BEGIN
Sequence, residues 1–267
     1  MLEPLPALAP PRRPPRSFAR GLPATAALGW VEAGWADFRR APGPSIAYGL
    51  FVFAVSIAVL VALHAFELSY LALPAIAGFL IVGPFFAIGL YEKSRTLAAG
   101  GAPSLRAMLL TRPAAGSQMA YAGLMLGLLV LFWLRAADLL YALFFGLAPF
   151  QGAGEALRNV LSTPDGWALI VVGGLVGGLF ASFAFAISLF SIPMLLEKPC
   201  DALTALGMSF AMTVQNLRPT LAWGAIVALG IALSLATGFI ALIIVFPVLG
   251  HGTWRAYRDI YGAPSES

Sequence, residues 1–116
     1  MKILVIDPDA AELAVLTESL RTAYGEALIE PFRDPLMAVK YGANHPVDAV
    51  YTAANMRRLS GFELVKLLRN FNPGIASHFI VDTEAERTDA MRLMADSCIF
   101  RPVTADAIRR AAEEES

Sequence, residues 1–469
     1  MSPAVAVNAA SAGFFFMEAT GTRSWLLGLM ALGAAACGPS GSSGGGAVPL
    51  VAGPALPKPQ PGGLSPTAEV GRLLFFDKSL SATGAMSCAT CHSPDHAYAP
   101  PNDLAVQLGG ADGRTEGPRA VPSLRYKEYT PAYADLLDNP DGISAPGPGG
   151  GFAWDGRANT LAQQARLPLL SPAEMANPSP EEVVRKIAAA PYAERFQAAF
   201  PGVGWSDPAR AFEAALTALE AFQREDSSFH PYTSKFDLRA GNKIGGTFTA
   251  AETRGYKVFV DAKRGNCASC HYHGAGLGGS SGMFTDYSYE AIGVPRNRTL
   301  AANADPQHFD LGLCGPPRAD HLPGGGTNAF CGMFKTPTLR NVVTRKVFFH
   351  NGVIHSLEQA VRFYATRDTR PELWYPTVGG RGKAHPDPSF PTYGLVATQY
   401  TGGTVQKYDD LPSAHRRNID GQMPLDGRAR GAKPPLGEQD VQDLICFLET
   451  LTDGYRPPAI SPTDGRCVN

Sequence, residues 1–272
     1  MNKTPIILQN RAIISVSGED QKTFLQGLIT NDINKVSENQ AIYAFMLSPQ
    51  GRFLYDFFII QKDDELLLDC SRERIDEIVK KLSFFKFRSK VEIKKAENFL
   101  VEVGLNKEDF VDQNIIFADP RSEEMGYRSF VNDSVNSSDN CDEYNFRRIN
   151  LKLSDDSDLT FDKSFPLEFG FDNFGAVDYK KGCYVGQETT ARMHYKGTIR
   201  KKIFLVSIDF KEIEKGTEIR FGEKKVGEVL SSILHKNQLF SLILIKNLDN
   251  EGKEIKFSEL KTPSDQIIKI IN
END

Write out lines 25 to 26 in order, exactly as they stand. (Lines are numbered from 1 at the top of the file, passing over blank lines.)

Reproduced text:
    51  GRFLYDFFII QKDDELLLDC SRERIDEIVK KLSFFKFRSK VEIKKAENFL
   101  VEVGLNKEDF VDQNIIFADP RSEEMGYRSF VNDSVNSSDN CDEYNFRRIN